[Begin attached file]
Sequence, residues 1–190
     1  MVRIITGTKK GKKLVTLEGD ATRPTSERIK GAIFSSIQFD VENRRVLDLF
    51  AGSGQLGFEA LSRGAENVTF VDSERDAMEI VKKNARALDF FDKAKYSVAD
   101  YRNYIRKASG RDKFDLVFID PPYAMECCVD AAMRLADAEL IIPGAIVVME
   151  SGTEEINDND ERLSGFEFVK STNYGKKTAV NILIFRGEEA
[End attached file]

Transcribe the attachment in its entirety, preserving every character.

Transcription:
Sequence, residues 1–190
     1  MVRIITGTKK GKKLVTLEGD ATRPTSERIK GAIFSSIQFD VENRRVLDLF
    51  AGSGQLGFEA LSRGAENVTF VDSERDAMEI VKKNARALDF FDKAKYSVAD
   101  YRNYIRKASG RDKFDLVFID PPYAMECCVD AAMRLADAEL IIPGAIVVME
   151  SGTEEINDND ERLSGFEFVK STNYGKKTAV NILIFRGEEA